Adopting a dog is a very rewarding experience. We could never save our amazing rescue dogs without wonderful people who choose to adopt. As rewarding as it is – a successful adoption involves planning and time. A new dog needs a patient and willing adopter who can assist the dog in adjusting to a new home and routines.
We are based in Toronto, Ontario. A home visit is an important part of our adoption process. If we are not able to find a volunteer who can visit your home we may not be able to accept your application. If that is the case, please consider contacting a rescue or shelter in your area to save a dog.
What to Expect When Adopting
We do not have a shelter to visit. Our dogs are in volunteer foster homes in the Toronto area. We like to learn a bit about our potential adopters prior to a meeting with the dog. Our adoption process is set up to ensure that our dogs go to their forever home.
Please submit the online application at the bottom of this page if you are interested in adopting one of our dogs. If you prefer to first speak with a volunteer please email or give us a call.
We will contact you by phone once we get your application. We do our best to follow up within a couple of days – please be patient. During the telephone interview we will answer your questions and go over your application.
The next steps in the process sometimes vary depending on your location and schedule. One of our volunteers will schedule a time to come and do a home visit. We ask that everyone living in the home is at this meeting. We will also arrange a time for you to meet the dog. This usually happens after the home visit. Again we ask that all members of the family are at the meeting with the dog. If you have a dog we will be sure to have the dogs meet as well. It is sometimes best if the adopters meet the dog a couple of times prior to the adoption.
If the above steps go well we will make arrangements for the adoption. There is an adoption contract and an adoption fee.
We love to hear how the dogs are doing after the adoption. Please keep in touch and send us pictures and stories we can share with others. Educating others about rescue can help save dog lives.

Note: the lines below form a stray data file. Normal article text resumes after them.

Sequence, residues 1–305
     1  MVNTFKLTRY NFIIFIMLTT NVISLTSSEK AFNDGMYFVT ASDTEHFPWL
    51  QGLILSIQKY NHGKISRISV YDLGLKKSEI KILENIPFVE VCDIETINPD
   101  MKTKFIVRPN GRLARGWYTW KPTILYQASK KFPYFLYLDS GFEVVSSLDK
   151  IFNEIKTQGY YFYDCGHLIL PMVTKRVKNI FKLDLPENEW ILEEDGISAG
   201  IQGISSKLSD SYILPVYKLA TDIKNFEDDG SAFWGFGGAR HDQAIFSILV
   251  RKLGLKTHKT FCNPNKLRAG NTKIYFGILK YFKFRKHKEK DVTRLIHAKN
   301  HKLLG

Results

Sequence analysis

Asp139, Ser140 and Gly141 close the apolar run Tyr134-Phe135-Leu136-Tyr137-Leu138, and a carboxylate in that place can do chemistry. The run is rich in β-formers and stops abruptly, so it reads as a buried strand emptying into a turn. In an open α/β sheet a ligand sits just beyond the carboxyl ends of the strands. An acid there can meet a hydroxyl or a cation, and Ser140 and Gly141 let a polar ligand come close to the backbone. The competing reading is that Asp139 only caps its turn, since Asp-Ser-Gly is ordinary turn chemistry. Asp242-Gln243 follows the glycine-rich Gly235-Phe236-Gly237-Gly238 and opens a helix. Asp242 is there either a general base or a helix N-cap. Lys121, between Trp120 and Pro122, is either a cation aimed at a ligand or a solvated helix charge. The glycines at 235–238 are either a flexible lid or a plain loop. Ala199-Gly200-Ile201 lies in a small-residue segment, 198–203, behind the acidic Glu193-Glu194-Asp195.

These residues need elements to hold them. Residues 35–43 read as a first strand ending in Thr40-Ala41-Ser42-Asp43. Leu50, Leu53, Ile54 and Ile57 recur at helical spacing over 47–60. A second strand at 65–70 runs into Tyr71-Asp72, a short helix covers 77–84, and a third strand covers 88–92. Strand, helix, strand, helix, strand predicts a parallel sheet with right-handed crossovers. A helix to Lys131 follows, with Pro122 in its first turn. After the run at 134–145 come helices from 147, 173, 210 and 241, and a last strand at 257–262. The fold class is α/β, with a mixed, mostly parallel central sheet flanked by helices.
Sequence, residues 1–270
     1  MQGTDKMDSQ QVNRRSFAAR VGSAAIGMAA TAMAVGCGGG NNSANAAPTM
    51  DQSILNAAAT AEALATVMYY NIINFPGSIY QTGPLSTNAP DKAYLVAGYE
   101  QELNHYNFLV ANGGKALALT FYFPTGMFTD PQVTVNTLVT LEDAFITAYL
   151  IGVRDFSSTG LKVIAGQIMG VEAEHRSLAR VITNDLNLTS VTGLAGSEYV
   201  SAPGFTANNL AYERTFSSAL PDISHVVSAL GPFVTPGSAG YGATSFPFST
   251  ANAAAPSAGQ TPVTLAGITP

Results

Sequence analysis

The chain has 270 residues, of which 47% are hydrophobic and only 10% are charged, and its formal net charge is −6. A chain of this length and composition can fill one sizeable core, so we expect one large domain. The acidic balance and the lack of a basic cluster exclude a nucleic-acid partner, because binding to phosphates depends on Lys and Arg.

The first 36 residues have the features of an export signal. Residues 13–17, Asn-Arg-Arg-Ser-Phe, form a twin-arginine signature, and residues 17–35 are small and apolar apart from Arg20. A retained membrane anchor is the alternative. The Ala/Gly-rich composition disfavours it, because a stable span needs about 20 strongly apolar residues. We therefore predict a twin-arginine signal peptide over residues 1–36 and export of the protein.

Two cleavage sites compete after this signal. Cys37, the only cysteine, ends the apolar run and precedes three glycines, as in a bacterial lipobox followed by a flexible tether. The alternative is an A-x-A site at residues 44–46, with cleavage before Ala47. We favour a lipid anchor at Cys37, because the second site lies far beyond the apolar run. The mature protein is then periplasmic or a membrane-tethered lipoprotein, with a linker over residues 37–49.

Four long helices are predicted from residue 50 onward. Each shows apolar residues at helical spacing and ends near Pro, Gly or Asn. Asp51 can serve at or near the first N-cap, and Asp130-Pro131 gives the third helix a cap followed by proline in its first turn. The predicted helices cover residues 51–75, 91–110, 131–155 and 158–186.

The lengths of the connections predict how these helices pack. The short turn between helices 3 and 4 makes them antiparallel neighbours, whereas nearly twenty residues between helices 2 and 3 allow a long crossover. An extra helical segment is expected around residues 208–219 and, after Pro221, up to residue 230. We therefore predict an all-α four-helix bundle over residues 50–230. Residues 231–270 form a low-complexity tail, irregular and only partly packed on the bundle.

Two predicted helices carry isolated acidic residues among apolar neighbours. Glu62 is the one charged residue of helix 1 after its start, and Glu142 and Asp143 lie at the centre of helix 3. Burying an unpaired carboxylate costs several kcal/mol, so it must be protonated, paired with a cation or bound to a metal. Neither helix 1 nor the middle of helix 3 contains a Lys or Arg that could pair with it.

Please consider the following points – it may seem overwhelming but the key to a successful adoption is preparation and planning.
Things to consider
Be certain that no one in the family has allergies to dogs. Spend time with friends or family members that have dogs to make sure you can tolerate the dog hair and dander.
Hypoallergenic means “below normal” allergenic. It does NOT mean that no allergic reaction will occur. Although it is less likely, many people may still experience allergies with a “hypoallergenic” dog breed.
By law you are allowed to own a dog if you are renting, however, it is always best to get permission from your landlord prior to starting the adoption process.
Dogs can be very expensive especially if they develop an illness or have a serious injury. Call some vet clinics and check their costs. You may want to consider pet insurance – check policies as they differ. Do you have a plan in place if you are required to pay a large vet bill?
Can you afford regular grooming?
If you travel who will babysit your dog? Can you afford a Doggie
Daycare or dog sitter?
Can you afford a good quality dog food and safe and healthy treats for your dog?
Dogs need exercise – even old dogs need daily walks. Are you ready to change your schedule to fit in the time needed to care properly for your dog? You must be prepared to get up early enough to walk your dog before leaving the house. If you work long hours and your dog is going to be alone you may want to look into the cost of a dog walker or doggie daycare.
If so, check the by-laws of your condo to make sure there are no restrictions regarding dogs.
Are you in the middle of renovations? Are you planning to move in the next few months? Are you going on a holiday in the near future? If so, it may be a good idea to wait until you are able to devote time to the dog transitioning to your home.
You need to puppy proof your home before bringing a dog home. Take a careful look around your house and yard. Do you see any obvious hazards?